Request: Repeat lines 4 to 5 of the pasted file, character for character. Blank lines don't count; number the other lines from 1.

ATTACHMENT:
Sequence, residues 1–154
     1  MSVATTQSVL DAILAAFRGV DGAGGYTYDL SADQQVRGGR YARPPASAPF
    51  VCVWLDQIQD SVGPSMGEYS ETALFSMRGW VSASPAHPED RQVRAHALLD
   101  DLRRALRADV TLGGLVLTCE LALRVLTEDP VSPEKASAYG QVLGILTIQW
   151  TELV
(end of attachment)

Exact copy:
   101  DLRRALRADV TLGGLVLTCE LALRVLTEDP VSPEKASAYG QVLGILTIQW
   151  TELV